UWS, Sydney Ports exploited by corrupt IT contractors

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UWS, Sydney Ports exploited by corrupt IT contractors

Government can’t outsource integrity, says ICAC.

The Independent Commission Against Corruption (ICAC) has revealed a number of NSW organisations have been taken for a costly ride by a handful of corrupt IT security systems consultants.

The revelation comes just one month after ICAC warned the NSW public sector against outsourcing project responsibility to IT contractors.

Among others, the University of Western Sydney (UWS) and the Sydney Ports Corporation have fallen victim to hired-in IT project managers and advisors exploiting their positions of influence.

In 2007 UWS contracted Kings Security to install an automated LAN-based system for managing and monitoring building access on its Bankstown campus, in a deal worth more than $500,000.

A subsequent ICAC investigation found the consultant hired by the university to advise on the tender process, including vendor selection, was a good friend of the Kings director and the recipient of a $13,000 cheque after the deal was closed.

The Commission also retrieved emails which showed the consultant, Daniel Paul, had used his insider knowledge of UWS’ budget ceiling to prompt Kings to push up its prices to the tune of nearly $20,000.

The same company was involved in a compromised tender process at the Sydney Ports Corporation (SPC), which was also planning to upgrade its security systems.

ICAC found systems integrator Austek had intentionally submitted a “dummy quote” for the work when it became apparent that it didn’t have the hardware capability to complete the project.

 It obtained Kings' pricing intentions prior to formalising its own bid to ensure that it would be the more expensive option. Kings went on to win the deal.

The Commission concluded that “the effect of the submission of the dummy Austek quote was that SPC was deprived of a truly competitive tender process.”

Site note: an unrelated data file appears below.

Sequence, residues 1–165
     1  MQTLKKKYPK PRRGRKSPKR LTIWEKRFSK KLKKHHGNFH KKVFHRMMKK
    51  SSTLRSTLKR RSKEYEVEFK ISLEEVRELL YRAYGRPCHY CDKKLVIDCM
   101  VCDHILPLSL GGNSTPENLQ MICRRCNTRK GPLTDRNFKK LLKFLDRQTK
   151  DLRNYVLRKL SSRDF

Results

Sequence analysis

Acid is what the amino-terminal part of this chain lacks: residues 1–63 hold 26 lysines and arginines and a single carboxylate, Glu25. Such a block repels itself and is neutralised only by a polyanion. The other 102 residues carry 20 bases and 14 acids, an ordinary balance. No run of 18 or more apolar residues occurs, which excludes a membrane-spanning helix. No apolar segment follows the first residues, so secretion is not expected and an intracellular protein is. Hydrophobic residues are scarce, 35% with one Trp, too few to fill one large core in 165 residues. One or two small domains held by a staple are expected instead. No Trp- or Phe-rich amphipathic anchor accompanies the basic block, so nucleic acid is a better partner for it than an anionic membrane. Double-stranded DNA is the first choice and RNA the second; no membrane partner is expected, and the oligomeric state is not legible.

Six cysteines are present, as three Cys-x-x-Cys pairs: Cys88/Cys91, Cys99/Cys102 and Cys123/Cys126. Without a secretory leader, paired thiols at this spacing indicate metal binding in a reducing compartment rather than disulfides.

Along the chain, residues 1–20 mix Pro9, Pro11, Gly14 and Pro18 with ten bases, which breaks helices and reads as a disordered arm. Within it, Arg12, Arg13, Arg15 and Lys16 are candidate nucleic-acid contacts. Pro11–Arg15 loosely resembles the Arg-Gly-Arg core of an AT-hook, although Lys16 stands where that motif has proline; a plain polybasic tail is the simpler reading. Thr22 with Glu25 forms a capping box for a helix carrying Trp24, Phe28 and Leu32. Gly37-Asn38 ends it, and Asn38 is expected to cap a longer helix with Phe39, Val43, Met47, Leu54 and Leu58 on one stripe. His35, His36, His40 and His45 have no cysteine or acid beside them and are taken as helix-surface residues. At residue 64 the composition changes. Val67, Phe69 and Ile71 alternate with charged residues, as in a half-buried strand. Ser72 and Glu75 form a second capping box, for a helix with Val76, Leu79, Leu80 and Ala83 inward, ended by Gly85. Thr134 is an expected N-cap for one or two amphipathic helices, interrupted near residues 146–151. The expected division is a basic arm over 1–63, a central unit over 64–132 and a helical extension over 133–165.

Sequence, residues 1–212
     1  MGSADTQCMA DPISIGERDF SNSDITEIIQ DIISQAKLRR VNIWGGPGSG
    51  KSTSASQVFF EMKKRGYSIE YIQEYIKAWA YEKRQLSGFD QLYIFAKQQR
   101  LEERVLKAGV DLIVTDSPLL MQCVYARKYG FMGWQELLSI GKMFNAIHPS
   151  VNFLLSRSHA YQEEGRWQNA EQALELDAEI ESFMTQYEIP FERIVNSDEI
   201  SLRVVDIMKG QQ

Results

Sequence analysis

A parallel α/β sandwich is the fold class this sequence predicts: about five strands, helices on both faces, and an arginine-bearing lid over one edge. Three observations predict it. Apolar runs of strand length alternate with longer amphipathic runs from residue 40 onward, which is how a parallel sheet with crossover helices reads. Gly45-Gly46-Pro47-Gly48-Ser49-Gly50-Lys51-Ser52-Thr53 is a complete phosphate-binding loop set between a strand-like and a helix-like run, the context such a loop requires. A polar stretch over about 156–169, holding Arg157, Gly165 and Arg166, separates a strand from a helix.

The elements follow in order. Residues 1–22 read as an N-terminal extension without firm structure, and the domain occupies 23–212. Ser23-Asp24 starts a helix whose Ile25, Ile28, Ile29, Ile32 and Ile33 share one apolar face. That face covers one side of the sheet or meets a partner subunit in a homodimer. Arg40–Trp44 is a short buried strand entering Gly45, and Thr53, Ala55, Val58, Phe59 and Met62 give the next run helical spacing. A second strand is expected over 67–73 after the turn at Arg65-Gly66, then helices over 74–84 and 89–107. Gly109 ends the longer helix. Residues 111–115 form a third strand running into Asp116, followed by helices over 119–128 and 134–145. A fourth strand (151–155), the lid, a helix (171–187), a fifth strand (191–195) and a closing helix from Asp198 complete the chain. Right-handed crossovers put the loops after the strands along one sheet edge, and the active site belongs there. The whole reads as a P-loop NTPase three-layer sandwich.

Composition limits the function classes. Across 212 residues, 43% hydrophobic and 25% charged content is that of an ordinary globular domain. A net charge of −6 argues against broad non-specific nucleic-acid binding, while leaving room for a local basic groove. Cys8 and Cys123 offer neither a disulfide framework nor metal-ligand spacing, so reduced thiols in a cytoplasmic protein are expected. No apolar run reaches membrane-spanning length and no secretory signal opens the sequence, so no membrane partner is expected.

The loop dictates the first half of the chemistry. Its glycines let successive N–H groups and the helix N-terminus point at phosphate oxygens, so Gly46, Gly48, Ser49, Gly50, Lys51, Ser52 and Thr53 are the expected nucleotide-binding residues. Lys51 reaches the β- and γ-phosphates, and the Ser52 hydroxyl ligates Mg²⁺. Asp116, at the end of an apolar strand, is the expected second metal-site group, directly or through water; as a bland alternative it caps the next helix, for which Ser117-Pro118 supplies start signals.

Paul was also hired to work on the SPC project, but failed to disclose his relationship with the successful bidder to the agency.

The cases add to a growing body of evidence suggesting that an imbalance of IT knowledge between the government and the technology sector makes agencies hand over much more responsibility and accountability for major projects than they should.

“Unlike the private sector, the government agencies in this investigation did not have a repertoire of industry knowledge to inform projects. Mr Paul was able to exploit this situation to his own advantage,” the ICAC report stated.

“In practice, the security experts were handed end-to-end control over the projects as public sector managers effectively outsourced accountability.

“A key lesson from this investigation is that a government agency cannot transfer its responsibility for the integrity of government procurement and project delivery to an external source,” it said.

The Commission advised “procurement processes for the provision of highly specialised security and IT services pose serious corruption risks”.

It made a number of recommendations for tightening up buying arrangements, including the recruitment of in-house project managers to have the final word on project budgets and vendor selection, the division of tasks between several major vendors when it comes to major security projects, and a blanket ban on gifts from prospective contractors.

It also concluded that the security industry, including hardware and software providers, systems and integrators and consultants, had a “reputation for questionable practices” and thus should become the subject of particular scrutiny in its dealings with government.

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